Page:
An aloha miracle at Hapa
In the land of strip malls, a gracious fine dining establishment stands out. Restaurant Hapa exquisitely melds Asian flavors with French technique.
By Chris Sherman
Published February 23, 2006
God must love little strip shopping centers, for the Tampa Bay area is blessed with so many of them.
What sprawls all about us rarely seems like a blessing to diners with slow food dreams, yet this is where little miracles sometimes are born.
You'll find an exquisite one in Hapa, an intimate feast of Asian flavors and French technique in an unlikely strip mall on Tampa Road. The center is best known for Alberto's, where red sauce, cocktails and monstrous pizzas are neighborhood faves.
Next door, at what was briefly a Mexican restaurant, windows are curtained and blackened, relieved only by large paintings of hibiscus.
Inside, Hapa is a gracious dining room of salmon and cranberry and soft Hawaiian slack key guitar. The luxurious food would be a grand blessing in any part of town. But in Oldsmar, this elegance is manna direct from heaven, a place for gold potatoes wrapped around tiger shrimp in miso vinaigrette on the way to the racetrack, halibut crusted in lemongrass, just past the mightiest flea market in the South.
The miracle on Tampa Road is the work of two mortals, Brett and Nina Gardiner, who ran Six Tables in Dunedin for three years. The format is different, 11 tables, not six, and the menu is short and expensive yet a la carte, but the spirit of personal service is the same.
Brett Gardiner is a Hawaiian-born chef, meticulous in sourcing and preparing ingredients for every dish, with a taste for organics and Asian flavors. Nina Gardiner is a chef as well but serves as a consummate host, elegant yet unassuming, catering for just you. Hapa is a Hawaiian term for a mix of nationalities, and in this case, skills.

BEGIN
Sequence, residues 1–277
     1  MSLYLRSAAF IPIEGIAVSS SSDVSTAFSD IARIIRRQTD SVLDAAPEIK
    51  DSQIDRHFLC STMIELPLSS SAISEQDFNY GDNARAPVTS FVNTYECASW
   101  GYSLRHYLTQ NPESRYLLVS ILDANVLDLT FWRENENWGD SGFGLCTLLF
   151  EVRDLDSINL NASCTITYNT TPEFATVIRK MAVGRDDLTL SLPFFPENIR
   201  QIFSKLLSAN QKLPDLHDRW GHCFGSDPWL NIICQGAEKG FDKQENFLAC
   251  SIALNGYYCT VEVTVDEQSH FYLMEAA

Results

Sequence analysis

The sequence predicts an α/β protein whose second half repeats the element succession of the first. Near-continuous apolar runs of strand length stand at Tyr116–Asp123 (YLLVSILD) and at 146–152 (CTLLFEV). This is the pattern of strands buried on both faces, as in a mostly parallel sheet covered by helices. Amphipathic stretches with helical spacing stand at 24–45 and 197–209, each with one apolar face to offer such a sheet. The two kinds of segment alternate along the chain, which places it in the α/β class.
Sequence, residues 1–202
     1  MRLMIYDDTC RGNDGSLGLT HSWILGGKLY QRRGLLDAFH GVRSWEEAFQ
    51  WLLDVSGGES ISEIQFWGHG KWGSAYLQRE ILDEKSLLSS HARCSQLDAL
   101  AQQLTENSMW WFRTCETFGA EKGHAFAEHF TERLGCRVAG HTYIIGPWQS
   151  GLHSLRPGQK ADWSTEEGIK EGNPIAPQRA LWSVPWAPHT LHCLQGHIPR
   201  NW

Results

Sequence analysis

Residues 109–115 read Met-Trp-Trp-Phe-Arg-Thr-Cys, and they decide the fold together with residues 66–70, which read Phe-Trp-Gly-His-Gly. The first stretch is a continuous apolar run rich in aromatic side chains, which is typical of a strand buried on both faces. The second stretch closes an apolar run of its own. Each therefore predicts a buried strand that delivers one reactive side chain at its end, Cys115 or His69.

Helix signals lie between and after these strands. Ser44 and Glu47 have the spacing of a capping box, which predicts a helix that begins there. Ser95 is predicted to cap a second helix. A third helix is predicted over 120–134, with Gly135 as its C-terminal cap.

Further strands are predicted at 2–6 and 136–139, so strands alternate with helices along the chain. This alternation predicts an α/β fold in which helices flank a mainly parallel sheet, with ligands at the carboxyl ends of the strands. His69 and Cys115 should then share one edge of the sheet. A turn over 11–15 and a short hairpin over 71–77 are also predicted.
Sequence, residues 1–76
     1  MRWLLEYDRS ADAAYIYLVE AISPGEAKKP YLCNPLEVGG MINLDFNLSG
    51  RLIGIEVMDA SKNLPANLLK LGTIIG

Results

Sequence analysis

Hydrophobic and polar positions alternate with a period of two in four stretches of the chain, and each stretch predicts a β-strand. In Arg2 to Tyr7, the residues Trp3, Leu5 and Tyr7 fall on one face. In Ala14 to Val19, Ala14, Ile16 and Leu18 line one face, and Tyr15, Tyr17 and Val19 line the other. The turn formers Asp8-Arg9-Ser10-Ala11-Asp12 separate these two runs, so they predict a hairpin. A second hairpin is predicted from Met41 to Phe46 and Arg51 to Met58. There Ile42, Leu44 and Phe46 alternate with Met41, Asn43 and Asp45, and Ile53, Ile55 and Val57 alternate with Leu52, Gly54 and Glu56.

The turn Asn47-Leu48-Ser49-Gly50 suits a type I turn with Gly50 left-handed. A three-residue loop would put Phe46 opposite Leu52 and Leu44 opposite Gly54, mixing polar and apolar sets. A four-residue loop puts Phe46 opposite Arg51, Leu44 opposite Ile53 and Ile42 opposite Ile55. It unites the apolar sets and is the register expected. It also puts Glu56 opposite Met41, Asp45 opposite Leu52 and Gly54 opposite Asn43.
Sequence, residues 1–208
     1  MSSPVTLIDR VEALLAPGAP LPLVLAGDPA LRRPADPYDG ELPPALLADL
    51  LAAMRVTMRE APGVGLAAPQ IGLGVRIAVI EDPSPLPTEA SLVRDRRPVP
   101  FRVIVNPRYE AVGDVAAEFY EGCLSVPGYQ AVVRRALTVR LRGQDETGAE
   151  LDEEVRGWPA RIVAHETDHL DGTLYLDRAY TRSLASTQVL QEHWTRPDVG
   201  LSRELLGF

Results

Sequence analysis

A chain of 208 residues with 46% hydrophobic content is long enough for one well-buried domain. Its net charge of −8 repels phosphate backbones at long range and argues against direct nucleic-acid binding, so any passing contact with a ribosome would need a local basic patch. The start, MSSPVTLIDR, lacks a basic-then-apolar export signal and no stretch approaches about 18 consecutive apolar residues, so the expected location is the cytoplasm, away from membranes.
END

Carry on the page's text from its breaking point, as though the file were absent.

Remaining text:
This is true private dining, with first-quality talent in the kitchen and at the table devoted to pleasing you with comfort and sophistication. It started with Irish soda bread, a homey delight anytime, punched up with raisins and surprising caraway, sweet, savory and rich even without butter.
First courses set a high-end example of precision cooking and innovation. Green papaya salad, the Thai favorite, is brightly refreshed with basil and peeled Asian pear slices thinner than sushi: bracing. Sea scallops are set off with bitter brilliance, by arugula and cilantro, with avocado, pink grapefruit and chili oil (I'd like a spark more).
Entrees are limited: three standing meat dishes and three or four seasonal plates of fish or chicken, all well balanced between classic luxury and modern flavors. Filet mignon, hefty and touted as hormone-free, was elevated by the best Bernaise in memory and exceptional vegetables. Red meat needs and rarely gets perfect whole young carrots, seared parsnips and a mother lode of smashed purple sweet potatoes from Okinawa.
Our fish order got confused and we wound up with redfish. Lucky us; it was perfectly cooked, dolled up with crisp almonds and sauced lushly with truffle oil and Pernod in a cream bisque. Oh, my.
Desserts are the same combination of classic and contemporary. The souffle is as handsome as I've seen, but I'd like it and my whistle wetted with more Grand Marnier. Semi freddo, a custard Italian ice cream served soft, is a tower of luscious textures. At Hapa, Gardiner likes his pistachio and adds crisp pistachio brittle.
It's not cheap. With wine, Hapa can be a $150 splurge. Yet two hours of such painstaking care is precious. That the Gardiners give it to Oldsmar is priceless.
Chris Sherman dines anonymously and unannounced. The St. Petersburg Times pays for all expenses. A restaurant's advertising has nothing to do with selection for a review or the assessment of its quality. Sherman can be reached at (727) 893-8585 or firstname.lastname@example.org.
3970 Tampa Road, Oldsmar
Hours: Seatings from 6 to 9:15 p.m., Tuesday though Saturday
Details: Credit cards accepted, wine available, no smoking allowed
Prices: Entrees, $24 to $32
[Last modified February 23, 2006, 09:49:32]
[an error occurred while processing this directive]